Here’s how much retirement income you can buy for $100,000 today
By Brett Arends
I come with good news for those who are currently retiring, who are retiring soon, and for everyone else who wants a secure income for the rest of their lives.
It’s not amazing news, so don’t break out the champagne just yet, but it’s still good news — a rare thing at the moment.
Life annuities, a kind of do-it-yourself annuity that can give you a guaranteed income until you die, has suddenly become a much, much better deal. They are now paying out a monthly income that is a third higher than comparable annuities purchased just a year ago. After more than a decade in which annuities offered a pretty meager supply, they now offer the best payouts since Lehman Brothers collapsed in 2008.
As you can see from our table, someone who wants to retire early in their mid-50s and is willing to pay a one-time premium of $100,000 can earn a lifetime income of more than $6,000 per year while a year ago he would have received well under $5,000. The percentage increases are smaller but still significant, even at older ages.
(The numbers for men are higher, not because of any particular sexism on the part of the pension industry, but because men tend to die younger and therefore face fewer checks.)
You can thank the turmoil in the bond market, which has pushed up short, intermediate and long-term interest rates this year.
These lifetime annuities are technically referred to as “single premium immediate annuities.” They are products offered by life insurance companies. They’re the closest thing many of us can to a traditional, old-fashioned retirement plan: instead of worrying that our savings will last us the rest of our lives, we transfer our longevity risk to the insurance company. You send the insurance company a big check to start, say $100,000, and in return they agree to send you a small monthly check every month until you die, whether that unfortunate date is 6 months from now or 30 years from now lies. The amount of the monthly check, which is determined at the beginning of the contract, depends on your age and gender.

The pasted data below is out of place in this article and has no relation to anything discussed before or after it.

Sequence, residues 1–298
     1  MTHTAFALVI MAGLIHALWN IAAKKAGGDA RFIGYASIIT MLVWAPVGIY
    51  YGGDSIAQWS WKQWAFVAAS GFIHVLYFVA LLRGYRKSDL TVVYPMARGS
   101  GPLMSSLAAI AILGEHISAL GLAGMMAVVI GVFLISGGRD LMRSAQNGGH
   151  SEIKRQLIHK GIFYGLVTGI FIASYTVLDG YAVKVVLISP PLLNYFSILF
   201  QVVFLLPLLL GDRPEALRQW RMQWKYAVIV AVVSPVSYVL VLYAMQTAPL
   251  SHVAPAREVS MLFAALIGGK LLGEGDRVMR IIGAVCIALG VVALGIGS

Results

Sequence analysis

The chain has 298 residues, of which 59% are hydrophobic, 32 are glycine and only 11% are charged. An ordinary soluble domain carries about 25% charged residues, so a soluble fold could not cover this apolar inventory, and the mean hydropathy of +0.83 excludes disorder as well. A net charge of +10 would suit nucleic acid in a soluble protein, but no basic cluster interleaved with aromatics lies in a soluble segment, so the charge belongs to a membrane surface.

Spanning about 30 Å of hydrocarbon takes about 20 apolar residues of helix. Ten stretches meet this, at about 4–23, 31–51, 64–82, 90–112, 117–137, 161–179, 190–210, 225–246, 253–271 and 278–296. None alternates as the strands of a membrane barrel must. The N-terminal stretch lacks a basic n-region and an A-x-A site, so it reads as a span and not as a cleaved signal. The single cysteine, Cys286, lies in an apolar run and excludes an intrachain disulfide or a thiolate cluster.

Those who die soon get a bad deal. The excess money helps pay for those living much longer than expected.
Immediate single premium annuities can be a way to extend your retirement savings as much as possible as long as you’re not worried about leaving money for your heirs. The pooled longevity risk is what makes them so useful.
The reason payout rates have increased so much is because insurance companies invest the upfront premiums in government and investment-grade corporate bonds and use the interest to fund monthly checks. Higher interest rates on bonds can therefore lead to higher annuity rates.
Of course, the downside to this good news is that anyone who bought an annuity last year is left feeling upset that they missed out and also watching their payouts being devalued by ongoing inflation. But since we cannot change the past, we should at least focus on the present (and the future).
Many economists argue that annuities are under-obsessed. “A vast and rich literature” of economic research suggests “that sensible individuals of retirement age should spend a substantial portion of their wealth on lifetime annuities,” write finance professors Mohamad Hassan Abou Daya and Carole Bernard in the Swiss Journal of Economics and Statistics. Economists have been making this argument for 50 years, dubbing it “the pension puzzle.”
There are many possible explanations. When you buy an annuity, you lose control of the lump sum. Many retirees want to leave money for their children and grandchildren, while many pensions (though not all) expire upon death, leaving nothing. And annuities can be vulnerable to inflation.
One of the main problems since the global financial crisis is their desperately low payout rates. Retirees can thank the Federal Reserve, which has pursued policies of financial manipulation to keep short-, medium-, and long-term interest rates low in hopes of stimulating the economy. This has deprived older investors and retirees of the opportunity to earn decent returns from lower-risk investments such as bonds, certificates of deposit and annuities, driving many into stock markets. This whole regime has unfolded dramatically so far this year.
Even today, pensions are still associated with a considerable risk of inflation. Most annuities on the market offer a fixed monthly income with no upward cost of living adjustments. As a result, your purchasing power erodes over time. With consumer inflation currently at over 8% per year, this erosion is happening fairly quickly. You can buy annuities with annual COLAs, which are typically worth 3% a year, sometimes more, but there’s a high price to pay: your initial payouts start out much, much lower.
“The amount you’re going to get on day one is much less with an inflation-adjusted annuity,” said Todd Giesing, associate vice president of research director for annuities at insurance industry association Limra. “I think the problem for many Americans is that they take less now and more later… When you think of people buying lifetime annuities with a single premium, they’re buying income for today.”
Converting at least part of your retirement account into an annuity can be a smart move for new retirees. At least you get more for your money now, which has to be good.
(ENDS) Dow Jones Newswires
Copyright (c) 2022 Dow Jones & Company, Inc.